Sunday, July 26, 2015

The Crossover #bookaday July 26th

The Crossover, by Kwame Alexander, has been on my TBR list for months and I am so glad I finally had the chance to read it this weekend.  Tomorrow I will get to hear Kwame Alexander give the Keynote Speech at #LiLit15 in Merrick, NY and I cannot wait to hear him! The Crossover is a novel in verse, narrated by Josh aka "Filthy McNasty." There is drama on and off the basketball court for Josh as his twin brother JB falls for a girl and his dad has health issues related to heart disease, which he doesn't want to acknowledge.  One of my favorite parts was the "Basketball Rules" weaved through the book which you could easily make "Life Rules".  The Crossover won the Newberry Award this year and was a Coretta Scott King Honor Book.  It was a fast, exciting read and I love the way Kwame Alexander played with language while also striking an emotional chord.  Add it to your TBR list if you haven't read it yet! 

Saturday, July 25, 2015

Sky Color #bookaday July 25th

Sky Color is part of the Creatrilogy by Peter Reynolds, also including the books Ish and The Dot.  Each book is excellent as a stand alone, but together, they drive home the message that we are all unique and don't need to worry about coloring in the lines or making something "perfect."  In Sky Color, Marisol doesn't have any blue paint and worries how she will be able to paint the sky in her class mural.  By paying attention to the colors of the sky as she heads home, she sees all the colors that the sky can be! Her painting of the sky includes many different shades and colors.  

Reading Sky Color, Ish, and The Dot to my new third graders and then discussing the central message of each book would lead to a great discussion on the work we create this year.  I especially like the idea of pairing Amy Krouse Rosenthal and Tom Litchtenheld's Exclamation Mark with The Dot because they both talk about making your mark on the world.  Ish and Sky Color remind us that there is no one perfect way to do something and the freedom to make something "ish" lets you start and try without becoming stuck and paralyzed by fear.  These lessons are important for all of us to remember- teachers too! :)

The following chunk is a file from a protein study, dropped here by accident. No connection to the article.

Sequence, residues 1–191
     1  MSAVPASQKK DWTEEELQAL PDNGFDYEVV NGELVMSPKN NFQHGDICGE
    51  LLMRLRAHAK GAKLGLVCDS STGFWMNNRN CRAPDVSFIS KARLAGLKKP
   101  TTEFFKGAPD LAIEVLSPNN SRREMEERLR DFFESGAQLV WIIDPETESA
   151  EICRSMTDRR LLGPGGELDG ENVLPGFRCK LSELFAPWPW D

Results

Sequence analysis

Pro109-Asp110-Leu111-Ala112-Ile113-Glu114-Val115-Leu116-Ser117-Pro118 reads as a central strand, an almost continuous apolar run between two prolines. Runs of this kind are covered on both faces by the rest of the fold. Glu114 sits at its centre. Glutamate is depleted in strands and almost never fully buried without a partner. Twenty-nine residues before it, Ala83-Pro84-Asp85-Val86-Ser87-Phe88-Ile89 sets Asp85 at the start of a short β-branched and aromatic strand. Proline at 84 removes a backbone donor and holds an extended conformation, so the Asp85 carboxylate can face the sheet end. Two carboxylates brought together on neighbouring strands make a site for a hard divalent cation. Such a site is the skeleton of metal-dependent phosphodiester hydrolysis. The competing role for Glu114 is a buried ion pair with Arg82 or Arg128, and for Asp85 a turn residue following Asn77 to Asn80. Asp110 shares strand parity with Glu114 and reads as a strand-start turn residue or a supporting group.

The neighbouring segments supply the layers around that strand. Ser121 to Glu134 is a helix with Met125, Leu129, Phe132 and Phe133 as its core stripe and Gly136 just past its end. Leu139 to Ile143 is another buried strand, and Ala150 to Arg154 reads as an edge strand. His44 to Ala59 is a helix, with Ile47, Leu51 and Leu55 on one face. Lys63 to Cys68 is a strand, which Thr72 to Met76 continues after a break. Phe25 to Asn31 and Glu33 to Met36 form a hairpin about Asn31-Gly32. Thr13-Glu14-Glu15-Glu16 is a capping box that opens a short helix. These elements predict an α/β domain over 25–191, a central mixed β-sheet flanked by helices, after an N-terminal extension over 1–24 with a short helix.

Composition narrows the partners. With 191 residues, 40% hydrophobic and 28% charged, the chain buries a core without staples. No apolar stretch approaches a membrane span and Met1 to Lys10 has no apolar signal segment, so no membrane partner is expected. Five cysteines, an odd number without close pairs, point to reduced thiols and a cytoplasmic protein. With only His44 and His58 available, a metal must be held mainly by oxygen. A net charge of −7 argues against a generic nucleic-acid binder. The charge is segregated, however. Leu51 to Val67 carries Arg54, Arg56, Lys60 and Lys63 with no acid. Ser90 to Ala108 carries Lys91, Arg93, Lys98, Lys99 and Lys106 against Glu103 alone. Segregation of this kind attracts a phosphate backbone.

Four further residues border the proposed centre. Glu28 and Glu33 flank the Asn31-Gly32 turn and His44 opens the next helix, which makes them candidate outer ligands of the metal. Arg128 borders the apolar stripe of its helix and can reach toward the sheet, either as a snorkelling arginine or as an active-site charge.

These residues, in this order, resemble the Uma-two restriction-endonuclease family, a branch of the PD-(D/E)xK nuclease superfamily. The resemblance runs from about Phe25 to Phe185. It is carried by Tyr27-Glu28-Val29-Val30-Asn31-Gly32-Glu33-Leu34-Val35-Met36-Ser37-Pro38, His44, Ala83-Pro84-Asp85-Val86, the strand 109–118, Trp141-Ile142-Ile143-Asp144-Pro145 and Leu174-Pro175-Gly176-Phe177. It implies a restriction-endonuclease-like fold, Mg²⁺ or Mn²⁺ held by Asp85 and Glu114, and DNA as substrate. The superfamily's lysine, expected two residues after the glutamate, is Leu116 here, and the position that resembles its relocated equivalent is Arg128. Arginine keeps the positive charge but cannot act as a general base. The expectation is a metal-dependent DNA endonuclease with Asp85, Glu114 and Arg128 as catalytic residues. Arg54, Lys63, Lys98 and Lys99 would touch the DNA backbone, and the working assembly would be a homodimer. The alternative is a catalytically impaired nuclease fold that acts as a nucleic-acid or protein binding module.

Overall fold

Friday, July 24, 2015

Exclamation Mark #bookaday July 24th

While I have been reading a lot this summer,  I haven't been able to blog about a #bookaday each day.  Now that the LIWP Summer Institute is over and I am back from my family trip to Chicago, I am hoping to be better at keeping up with a #bookaday!

I read this one, Exclamation Mark by Amy Krouse Rosenthal and Tom Lichtenheld, while my son Alex watched a movie at our local library.  I know Amy Krouse Rosenthal is the picture book author for The Global Read Aloud Project this year.  I love her books and was excited to see that she was chosen for the GRA.  Exclamation Mark is one of the books that will be studied during the Global Read Aloud and it was one I never read before.  It is a treasure!

The main character, the Exclamation Mark, feels different from the others (the periods) and not in a good way.  It isn't until she meets Question Mark that she recognizes her gifts and her power.  The other punctuation are all very proud of her.  There is an important message about making your mark that would be a great companion to The Dot by Peter Reynolds.  I look forward to reading this book to my new third graders! 

Saturday, July 11, 2015

A Handful of Stars #bookaday July 11